This assignment is meant to get you thinking about how communication occurs in small groups. Since you had an experience with small group communication in the development and delivery of your group lesson, you will be well equipped to fulfill this assignment. Based on your experience in the Group Lesson assignment, thoroughly respond to each of the following questions in complete sentences. Be sure to define/cite principles explained in your text where appropriate. This is a measure (test) of your comprehension of small group communication so be thorough and name/define concepts we have learned to demonstrate your understanding and application in your small group experience.

Roles
• What role(s) did you play in the group? What role(s) did other group members play?
• How were the roles established? Were they formal or informal?
• Were there roles that were not filled? If so, what was the consequence of this void?
• How did the balance/interaction between task/maintenance/self-centered roles in your group enhance or detract from your performance and cohesiveness?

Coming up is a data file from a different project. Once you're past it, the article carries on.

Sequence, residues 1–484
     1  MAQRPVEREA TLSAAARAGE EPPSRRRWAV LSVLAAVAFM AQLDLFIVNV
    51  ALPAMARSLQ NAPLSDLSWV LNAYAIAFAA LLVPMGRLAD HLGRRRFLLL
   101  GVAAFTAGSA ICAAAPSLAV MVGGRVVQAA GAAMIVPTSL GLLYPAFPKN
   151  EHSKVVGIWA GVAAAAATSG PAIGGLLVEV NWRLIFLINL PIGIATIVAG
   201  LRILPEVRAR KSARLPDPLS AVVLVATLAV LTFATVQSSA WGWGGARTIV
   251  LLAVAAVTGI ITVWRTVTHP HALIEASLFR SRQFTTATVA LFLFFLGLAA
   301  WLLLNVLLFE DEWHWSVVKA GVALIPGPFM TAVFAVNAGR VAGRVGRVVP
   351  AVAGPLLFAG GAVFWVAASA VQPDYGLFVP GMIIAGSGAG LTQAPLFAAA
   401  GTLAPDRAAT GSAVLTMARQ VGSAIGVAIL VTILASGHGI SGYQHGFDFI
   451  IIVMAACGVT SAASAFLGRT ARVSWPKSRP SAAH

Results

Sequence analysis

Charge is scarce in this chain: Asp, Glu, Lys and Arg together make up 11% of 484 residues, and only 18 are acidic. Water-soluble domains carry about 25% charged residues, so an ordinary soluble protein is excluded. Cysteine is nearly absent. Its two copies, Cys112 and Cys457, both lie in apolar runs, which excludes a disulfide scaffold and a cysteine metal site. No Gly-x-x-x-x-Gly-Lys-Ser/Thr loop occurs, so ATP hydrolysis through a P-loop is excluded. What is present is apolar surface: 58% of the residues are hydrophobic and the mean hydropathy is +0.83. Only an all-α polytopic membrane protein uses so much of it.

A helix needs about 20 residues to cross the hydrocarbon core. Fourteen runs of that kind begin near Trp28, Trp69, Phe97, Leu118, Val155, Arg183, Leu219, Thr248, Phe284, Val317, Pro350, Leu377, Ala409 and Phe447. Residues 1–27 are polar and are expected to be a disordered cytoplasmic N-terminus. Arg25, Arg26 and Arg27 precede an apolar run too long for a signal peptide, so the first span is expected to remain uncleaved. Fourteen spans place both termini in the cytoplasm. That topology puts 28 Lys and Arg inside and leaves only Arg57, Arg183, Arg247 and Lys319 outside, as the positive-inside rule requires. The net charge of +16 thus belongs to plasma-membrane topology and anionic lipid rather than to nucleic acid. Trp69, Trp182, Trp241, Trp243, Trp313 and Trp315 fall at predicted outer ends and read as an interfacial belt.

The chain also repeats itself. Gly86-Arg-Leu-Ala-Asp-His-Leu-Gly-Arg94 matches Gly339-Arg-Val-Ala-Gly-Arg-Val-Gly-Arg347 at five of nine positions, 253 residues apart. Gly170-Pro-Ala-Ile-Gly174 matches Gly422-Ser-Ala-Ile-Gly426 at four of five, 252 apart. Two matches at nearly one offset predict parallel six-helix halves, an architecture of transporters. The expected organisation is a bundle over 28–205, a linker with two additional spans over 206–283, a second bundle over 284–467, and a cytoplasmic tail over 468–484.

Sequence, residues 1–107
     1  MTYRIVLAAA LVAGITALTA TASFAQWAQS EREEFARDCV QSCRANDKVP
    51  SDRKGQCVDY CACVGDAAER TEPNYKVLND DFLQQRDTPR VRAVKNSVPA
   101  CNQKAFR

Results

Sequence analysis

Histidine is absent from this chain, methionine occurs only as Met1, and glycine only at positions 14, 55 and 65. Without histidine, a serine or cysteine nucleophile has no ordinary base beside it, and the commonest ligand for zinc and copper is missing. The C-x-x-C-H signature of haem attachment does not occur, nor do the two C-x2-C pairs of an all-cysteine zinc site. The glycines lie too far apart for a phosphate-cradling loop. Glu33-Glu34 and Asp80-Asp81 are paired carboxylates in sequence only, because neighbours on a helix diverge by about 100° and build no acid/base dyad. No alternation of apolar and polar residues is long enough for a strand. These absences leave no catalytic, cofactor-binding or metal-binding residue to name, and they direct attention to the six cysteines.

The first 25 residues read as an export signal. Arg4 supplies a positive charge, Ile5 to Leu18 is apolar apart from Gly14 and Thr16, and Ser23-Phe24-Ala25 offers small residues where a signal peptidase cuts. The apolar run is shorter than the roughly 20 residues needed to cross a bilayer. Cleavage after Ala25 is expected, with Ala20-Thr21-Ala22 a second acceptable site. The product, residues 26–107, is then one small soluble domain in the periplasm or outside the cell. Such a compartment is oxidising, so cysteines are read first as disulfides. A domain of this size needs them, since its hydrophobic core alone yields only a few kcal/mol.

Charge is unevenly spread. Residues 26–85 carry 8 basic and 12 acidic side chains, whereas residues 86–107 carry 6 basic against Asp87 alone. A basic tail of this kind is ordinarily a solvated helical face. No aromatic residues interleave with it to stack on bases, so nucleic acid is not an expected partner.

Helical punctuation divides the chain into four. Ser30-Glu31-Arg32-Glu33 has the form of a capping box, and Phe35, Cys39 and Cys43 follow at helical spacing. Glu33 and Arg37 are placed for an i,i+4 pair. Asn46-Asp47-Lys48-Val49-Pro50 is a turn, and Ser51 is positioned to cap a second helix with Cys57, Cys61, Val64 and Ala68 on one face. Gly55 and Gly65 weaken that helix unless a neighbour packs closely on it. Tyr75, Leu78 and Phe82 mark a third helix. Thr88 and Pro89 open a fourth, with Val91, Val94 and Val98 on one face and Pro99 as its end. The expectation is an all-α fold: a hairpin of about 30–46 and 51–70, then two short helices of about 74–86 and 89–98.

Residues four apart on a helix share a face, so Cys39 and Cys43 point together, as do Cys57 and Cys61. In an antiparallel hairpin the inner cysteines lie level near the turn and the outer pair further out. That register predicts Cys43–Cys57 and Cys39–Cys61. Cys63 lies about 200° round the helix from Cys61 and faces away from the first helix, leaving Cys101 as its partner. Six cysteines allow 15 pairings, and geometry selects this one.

Leadership and Power
• What was the leadership style/decision-making style used by your group? Was this style effective?
• What types of power did members of your group and yourself hold?

Rules and Norms
• What rules and norms did your group adopt?
• How were rules and norms established? Were they challenged?
• How did your group react to norms or rules that were challenged by group members? Did this create conflict or cohesion?

Conflict Resolution
• What conflict(s) were encountered as a group? How was each one managed (use communication terms to describe the strategies you used to resolve conflict)?
• Which conflicts were resolved? How? Cite specific strategies and communication approaches.
• What were the positive and negative effects on the group as a result of each of these conflicts?
• Did your group experience groupthink? If so, what caused this to happen? If not, how did you prevent it?
• What factors contributed or detracted from group cohesion?

The small group self-evaluation should be 4 - 6 pages in length, typed in 12 point font, double-spaced.

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Group Lesson Peer Evaluation

 

(50 points)

Due the first day of class following your group lesson

 

 

Objectives: